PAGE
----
[Crossref]

Manousaki, A.

E. Skoulas, A. Manousaki, C. Fotakis, and E. Stratakis, “Biomimetic surface structuring using cylindrical vector femtosecond laser beams,” Sci. Rep. 7(1), 45114–11 (2017).
[Crossref]

Mateo, C. M.

Meir, A.

Michalowski, A.

R. Weber, A. Michalowski, M. Abdou-Ahmed, V. Onuseit, V. Rominger, M. Kraus, and T. Graf, “Effects of Radial and Tangential Polarization in Laser Material Processing,” Phys. Procedia 12, 21–30 (2011).
[Crossref]

M. Kraus, M. A. Ahmed, A. Michalowski, A. Voss, R. Weber, and T. Graf, “Microdrilling in steel using ultrashort pulsed laser beams with radial and azimuthal polarization,” Opt. Express 18(21), 22305 (2010).
[Crossref]

Moser, T.

Moshe, I.

Muys, P.

Negel, J.

A. Loescher, J. Negel, C. Röcker, F. Beirow, and T. Graf, “Thin-disk multipass amplifier delivering radially polarized ultrafast pulses with an average output power of 1 kW,” in Conference on Lasers and Electro-Optics Europe and European Quantum Electronics Conference (CLEO/Europe-EQEC) (2019), paper ca_5_5.

Nesterov, A. V.

V. G. Niziev and A. V. Nesterov, “Influence of beam polarization on laser cutting efficiency,” J. Phys. D: Appl. Phys. 32(13), 1455–1461 (1999).
[Crossref]

Niziev, V. G.

V. G. Niziev and A. V. Nesterov, “Influence of beam polarization on laser cutting efficiency,” J. Phys. D: Appl. Phys. 32(13), 1455–1461 (1999).
[Crossref]

Onuseit, V.

R. Weber, A. Michalowski, M. Abdou-Ahmed, V. Onuseit, V. Rominger, M. Kraus, and T. Graf, “Effects of Radial and Tangential Polarization in Laser Material Processing,” Phys. Procedia 12, 21–30 (2011).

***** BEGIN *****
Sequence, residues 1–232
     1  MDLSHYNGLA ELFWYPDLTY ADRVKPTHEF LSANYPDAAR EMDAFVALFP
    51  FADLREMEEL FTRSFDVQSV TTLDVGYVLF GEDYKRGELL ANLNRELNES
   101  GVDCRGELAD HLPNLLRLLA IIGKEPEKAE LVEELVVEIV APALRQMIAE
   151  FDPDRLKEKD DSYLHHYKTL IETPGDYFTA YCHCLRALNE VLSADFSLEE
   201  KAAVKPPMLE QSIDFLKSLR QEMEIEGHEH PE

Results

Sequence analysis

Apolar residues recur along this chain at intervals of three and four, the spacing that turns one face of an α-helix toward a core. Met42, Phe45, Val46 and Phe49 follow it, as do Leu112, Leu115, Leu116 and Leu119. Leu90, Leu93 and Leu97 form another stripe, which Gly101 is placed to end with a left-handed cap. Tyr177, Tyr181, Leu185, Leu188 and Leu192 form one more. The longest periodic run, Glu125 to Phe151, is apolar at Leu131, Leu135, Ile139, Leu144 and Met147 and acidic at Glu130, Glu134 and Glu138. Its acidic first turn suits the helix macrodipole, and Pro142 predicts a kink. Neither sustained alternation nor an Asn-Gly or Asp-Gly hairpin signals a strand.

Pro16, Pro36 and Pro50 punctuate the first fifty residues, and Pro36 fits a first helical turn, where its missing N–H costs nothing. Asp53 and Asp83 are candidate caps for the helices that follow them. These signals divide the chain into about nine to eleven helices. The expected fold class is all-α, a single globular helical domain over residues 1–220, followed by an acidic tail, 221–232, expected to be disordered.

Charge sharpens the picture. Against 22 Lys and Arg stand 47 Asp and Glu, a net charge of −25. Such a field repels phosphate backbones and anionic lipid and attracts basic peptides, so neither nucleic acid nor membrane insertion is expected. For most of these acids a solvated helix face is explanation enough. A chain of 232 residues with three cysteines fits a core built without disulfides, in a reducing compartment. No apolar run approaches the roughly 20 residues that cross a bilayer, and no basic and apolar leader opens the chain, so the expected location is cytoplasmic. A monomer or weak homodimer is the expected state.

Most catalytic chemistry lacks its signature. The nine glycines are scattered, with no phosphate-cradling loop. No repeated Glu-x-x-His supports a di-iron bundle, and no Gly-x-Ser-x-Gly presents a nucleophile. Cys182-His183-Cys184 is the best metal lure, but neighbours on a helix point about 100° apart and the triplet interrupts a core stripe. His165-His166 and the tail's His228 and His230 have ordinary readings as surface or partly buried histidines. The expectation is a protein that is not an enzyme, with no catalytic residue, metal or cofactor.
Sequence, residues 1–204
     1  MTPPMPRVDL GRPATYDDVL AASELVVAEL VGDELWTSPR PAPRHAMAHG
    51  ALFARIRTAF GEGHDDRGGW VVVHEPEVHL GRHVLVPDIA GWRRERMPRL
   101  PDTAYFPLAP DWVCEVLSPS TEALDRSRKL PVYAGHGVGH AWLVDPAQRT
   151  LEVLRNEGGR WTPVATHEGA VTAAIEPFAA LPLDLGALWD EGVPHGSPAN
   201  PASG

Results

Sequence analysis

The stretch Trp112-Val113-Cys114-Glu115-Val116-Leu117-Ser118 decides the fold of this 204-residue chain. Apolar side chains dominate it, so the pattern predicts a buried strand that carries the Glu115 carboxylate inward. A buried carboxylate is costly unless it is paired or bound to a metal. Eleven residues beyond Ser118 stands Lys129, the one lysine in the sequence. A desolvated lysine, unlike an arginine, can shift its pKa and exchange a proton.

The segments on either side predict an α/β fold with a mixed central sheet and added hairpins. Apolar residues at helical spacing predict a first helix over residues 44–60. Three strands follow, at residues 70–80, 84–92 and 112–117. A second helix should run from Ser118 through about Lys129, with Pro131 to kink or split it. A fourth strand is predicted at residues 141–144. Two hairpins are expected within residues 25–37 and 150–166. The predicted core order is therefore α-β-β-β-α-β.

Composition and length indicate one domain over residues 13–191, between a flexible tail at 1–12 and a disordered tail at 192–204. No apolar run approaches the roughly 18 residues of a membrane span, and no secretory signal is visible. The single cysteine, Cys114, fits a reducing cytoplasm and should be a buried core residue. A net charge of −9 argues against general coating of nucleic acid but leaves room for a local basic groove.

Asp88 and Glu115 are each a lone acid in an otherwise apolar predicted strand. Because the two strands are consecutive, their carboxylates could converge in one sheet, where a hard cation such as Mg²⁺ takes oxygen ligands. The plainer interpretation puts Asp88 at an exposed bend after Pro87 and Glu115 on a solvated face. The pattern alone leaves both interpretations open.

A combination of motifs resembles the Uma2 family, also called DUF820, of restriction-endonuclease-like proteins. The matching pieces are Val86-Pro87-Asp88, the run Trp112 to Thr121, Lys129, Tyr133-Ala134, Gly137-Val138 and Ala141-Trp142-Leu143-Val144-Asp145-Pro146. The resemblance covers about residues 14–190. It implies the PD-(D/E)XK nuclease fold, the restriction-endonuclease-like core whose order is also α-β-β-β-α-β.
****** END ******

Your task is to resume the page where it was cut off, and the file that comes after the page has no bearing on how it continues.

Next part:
[Crossref]

Osten, W.

Parriaux, O.

Phillips, C. R.

Piehler, S.

P. Wittmuess, S. Piehler, T. Dietrich, M. A. Ahmed, T. Graf, and O. Sawodny, “Numerical modeling of multimode laser resonators,” J. Opt. Soc. Am. B 33(11), 2278 (2016).
[Crossref]

S. Piehler, C. Thiel, A. Voss, M. Abdou Ahmed, and T. Graf, “Self-compensation of thermal lensing in optics for high-brightness solid-state lasers,” in High Power Laser Materials Processing: Lasers, Beam Delivery, Diagnostics, and Applications, E. Beyer and T. Morris, eds. (SPIE, 2012), 8239, p. 82390Z.

Pommier, J.-C.

Pruss, C.

Röcker, C.

A. Loescher, J. Negel, C. Röcker, F. Beirow, and T. Graf, “Thin-disk multipass amplifier delivering radially polarized ultrafast pulses with an average output power of 1 kW,” in Conference on Lasers and Electro-Optics Europe and European Quantum Electronics Conference (CLEO/Europe-EQEC) (2019), paper ca_5_5.

Rominger, V.

R. Weber, A. Michalowski, M. Abdou-Ahmed, V. Onuseit, V. Rominger, M. Kraus, and T. Graf, “Effects of Radial and Tangential Polarization in Laser Material Processing,” Phys. Procedia 12, 21–30 (2011).
[Crossref]

Rumpel, M.

Saltarelli, F.

Saraceno, C. J.